Sarah Refvem and I stood in the ladies’ restroom, cold walls on all sides and a system of paint-chipped pipes curling above our heads. She stood facing the mirror, staring deep into her own eyes as if trying to unravel a great riddle. With a few swipes of a chalk marker, Sarah connected a series of squiggles to form a face.
“Try to line up my face with it,” she said, sounding unsure. “You might have to stand behind me.”
I snapped a few pictures, shuffling around the tiny space. Suddenly, Sarah reached up and erased the face. She hesitantly drew a circle. A few shots later, she wiped it away and scribbled an arrow. She turned sideways for a profile shot. Her eyes were hardening a bit- something about this shoot wasn’t working.
Sarah had first caught my eye (and I hers, per se) when the UO BFA student was featured in the Oregon Daily Emerald for her show of paintings at the WOW Hall. There she was, staring out at me with a look so personal and vulnerable that it held spectacular power. I remember flipping through the stack of papers, meeting a hundred sets of those eyes. Who was this woman, and how did she learn to be utterly fearless?
We sat down yesterday on the roof of the EMU to talk about portraiture. Here was the same girl who was described in the article, her bright red hair flaming in the sun and a quirky flower print skirt smoothed across her knees.
I asked her if she ever paints self portraits. “I paint so many self portraits,” she said, her hands suddenly flying into rapid motion. It was as though she could see, hold and run her fingers over the works as she talked about them. “When you’re painting yourself it’s the most personal experience. My hands do it for me, if it’s a fully honest moment. I can be painting something, and my brain will be working on a hundred things.”
Sarah’s lips and hands told stories of a childhood in wealthy, suburban Lake Oswego, of a great upheaval at 16, of the moment she discovered she was a painter and of rebellious, barefoot explorations at art school in Oakland. She spoke of her first tastes of success as a professional painter in Eugene, but also of social anxiety and long nights spent in her studio sipping wine and swinging between depression and euphoria.
Her eyes followed her gestures, inspecting the memories she was juggling. Every so often, she would break concentration and meet my eyes, fixing me with the same gaze that I’d seen in the paper. She was letting me into an internal world of creative forces, light and dark. Did I understand what she was saying? I wanted to say, “Yes! Yes, I understand.” I knew it wouldn’t quite do, though.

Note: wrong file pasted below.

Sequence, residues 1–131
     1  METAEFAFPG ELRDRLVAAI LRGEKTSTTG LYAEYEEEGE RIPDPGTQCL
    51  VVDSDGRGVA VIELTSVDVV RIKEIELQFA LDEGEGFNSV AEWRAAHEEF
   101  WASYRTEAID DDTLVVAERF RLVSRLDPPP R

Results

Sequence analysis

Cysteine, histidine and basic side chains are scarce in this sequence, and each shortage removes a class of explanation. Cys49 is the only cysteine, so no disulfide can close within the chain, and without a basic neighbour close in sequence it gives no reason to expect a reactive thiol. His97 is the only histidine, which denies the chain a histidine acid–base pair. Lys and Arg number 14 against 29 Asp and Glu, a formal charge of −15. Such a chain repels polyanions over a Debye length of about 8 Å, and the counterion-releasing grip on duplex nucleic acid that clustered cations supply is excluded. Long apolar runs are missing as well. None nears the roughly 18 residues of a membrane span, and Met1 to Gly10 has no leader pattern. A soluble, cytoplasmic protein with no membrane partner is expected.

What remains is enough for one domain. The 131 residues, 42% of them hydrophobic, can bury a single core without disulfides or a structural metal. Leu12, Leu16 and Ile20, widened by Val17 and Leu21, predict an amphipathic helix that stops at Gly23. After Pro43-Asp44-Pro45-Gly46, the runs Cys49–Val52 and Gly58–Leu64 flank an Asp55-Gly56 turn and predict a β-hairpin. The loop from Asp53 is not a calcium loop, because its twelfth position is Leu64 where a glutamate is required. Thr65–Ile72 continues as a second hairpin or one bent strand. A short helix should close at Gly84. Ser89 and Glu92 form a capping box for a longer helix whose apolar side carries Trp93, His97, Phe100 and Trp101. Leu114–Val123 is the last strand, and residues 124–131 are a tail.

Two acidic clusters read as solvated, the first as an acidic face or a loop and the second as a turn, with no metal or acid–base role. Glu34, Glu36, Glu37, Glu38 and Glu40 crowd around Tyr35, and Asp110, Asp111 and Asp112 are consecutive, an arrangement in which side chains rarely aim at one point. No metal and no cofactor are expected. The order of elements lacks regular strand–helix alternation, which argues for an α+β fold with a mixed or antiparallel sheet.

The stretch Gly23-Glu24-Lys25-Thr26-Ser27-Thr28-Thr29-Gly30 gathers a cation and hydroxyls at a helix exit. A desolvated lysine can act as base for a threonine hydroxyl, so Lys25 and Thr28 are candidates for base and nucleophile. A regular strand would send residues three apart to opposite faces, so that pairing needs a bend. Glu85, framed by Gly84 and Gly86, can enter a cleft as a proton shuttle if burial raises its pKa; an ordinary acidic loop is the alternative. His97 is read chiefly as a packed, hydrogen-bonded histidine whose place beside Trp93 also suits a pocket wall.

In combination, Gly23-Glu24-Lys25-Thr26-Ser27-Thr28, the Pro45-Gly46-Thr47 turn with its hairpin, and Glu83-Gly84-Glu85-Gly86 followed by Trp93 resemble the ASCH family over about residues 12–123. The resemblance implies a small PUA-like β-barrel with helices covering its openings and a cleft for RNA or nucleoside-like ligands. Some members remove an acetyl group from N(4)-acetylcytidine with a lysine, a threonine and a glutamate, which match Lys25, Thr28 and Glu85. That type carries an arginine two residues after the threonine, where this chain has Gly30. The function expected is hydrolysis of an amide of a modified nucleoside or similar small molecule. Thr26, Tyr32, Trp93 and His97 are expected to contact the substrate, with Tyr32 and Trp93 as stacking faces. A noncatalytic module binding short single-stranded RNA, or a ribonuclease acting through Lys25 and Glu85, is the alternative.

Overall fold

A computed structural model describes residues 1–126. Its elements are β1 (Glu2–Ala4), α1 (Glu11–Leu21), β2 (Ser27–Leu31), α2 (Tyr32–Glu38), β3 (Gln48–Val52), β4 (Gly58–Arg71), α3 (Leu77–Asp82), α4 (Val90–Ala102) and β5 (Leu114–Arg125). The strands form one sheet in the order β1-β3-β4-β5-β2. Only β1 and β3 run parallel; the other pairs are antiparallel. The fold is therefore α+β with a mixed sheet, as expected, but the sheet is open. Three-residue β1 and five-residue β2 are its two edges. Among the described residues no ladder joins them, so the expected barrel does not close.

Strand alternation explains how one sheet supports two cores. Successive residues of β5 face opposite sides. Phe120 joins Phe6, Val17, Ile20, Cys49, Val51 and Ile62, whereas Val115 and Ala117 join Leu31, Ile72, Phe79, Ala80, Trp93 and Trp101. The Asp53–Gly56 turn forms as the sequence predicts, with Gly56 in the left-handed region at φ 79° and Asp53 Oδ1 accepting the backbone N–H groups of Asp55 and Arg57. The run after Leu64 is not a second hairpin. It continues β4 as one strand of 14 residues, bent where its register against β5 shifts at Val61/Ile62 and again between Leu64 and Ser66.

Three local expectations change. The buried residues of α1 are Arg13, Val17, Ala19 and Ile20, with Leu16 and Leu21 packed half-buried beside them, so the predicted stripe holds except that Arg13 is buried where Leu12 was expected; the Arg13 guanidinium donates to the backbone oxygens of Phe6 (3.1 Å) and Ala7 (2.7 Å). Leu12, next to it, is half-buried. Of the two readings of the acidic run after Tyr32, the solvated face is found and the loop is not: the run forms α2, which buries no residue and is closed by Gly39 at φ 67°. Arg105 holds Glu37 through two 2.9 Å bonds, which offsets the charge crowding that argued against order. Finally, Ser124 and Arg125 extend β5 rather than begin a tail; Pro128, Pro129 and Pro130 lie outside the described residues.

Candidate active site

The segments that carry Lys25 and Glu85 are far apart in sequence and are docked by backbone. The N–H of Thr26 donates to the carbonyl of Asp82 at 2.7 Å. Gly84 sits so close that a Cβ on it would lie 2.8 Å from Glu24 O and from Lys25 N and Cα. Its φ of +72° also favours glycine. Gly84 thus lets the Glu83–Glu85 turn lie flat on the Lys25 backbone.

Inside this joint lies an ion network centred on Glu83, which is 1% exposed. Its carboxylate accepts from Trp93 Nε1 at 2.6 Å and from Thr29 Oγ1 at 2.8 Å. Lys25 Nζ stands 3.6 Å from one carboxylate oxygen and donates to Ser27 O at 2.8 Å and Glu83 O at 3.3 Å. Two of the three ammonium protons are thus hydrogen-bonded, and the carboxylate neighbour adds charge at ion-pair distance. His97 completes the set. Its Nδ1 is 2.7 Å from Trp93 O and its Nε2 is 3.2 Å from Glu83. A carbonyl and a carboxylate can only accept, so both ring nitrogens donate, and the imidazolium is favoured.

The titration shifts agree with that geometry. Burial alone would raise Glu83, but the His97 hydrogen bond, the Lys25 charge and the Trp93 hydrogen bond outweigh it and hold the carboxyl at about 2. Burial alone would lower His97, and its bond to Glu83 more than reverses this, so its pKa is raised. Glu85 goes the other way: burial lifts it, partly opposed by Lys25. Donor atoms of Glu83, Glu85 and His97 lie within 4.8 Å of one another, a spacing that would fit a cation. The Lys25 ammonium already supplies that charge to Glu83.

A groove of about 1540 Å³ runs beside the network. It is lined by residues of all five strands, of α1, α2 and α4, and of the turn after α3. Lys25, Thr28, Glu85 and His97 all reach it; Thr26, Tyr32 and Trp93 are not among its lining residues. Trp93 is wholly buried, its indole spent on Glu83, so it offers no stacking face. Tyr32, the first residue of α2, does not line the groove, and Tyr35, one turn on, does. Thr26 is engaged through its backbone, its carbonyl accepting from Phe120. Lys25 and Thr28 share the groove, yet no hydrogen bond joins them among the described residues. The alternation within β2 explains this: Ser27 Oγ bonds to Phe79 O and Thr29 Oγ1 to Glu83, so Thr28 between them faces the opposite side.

Lately, Sarah’s been painting photos that she finds in thrift stores- a detail from a photo of fidgeting summer campers, a child lost in his own world while the rest of his family smiles for a portrait. She sees group pictures as brief nodes that tie together dozens of narratives, an opportunity to find and recapture individual stories in paint.
“Looking at these photos, I realized that gender and time period and all these things aside, you can just look at a picture and say, ‘That’s me,'” she said. “In a way, anyone you paint is a self portrait. It’s like a bridge between you and whoever you’re painting.”
After my recent picture frame adventure with Kelsey Ivey, I had the idea to play with self image in a mirror, and Sarah seemed like the perfect person to do it. I had tried and failed to find an unlocked room of mirrors on campus (Gerlinger dance hall and the rec center workout room are no-no’s), so instead we trekked to this forgotten bathroom tucked into a stairwell of the AAA building. But now, in this claustrophobic place, the muse was stretching out of reach.
At the EMU, Sarah had talked about her uneasiness with painting live models. “I’ll get so curious and start to ask them questions. What do they think about while they’re up there? Do they ever wonder what we’re thinking? It becomes this weird, psychological, f’d up, jumbled thing.”
Sarah usually paints portraits from photographs her subjects have snapped of themselves, and she’s been putting off posing live for a painter friend for ages. “The idea of sitting there and being aware of what it’s about…” she said, trailing off. “Painting is like my little safe hiding place.”
Sarah paused for a moment and looked down at the chalk markers lying in her open hand. She closed them into a fist. Perhaps a mirror was the wrong stage, a medium where bridges double back on themselves. “Can we go to the drawing room?” she asked.
We walked up two flights of stairs and she punched a code into a door handle. Here was a place in total contrast to the cramped bathroom- an expansive floor, dozens of lights, walls of windows. Sarah was suddenly a whirlwind of energy, pulling me into her vortex as she unfurled sheets and snatched up random objects from a set of shelves.
When she sat atop the pile, surrounded by the subjects of a hundred still life studies, she looked up and stared directly at the lens. Something was back.
Here was the result: a Francis Bacon-esque composite of two images, a self that projects and divides and combines in electric ways. Sarah Refvem.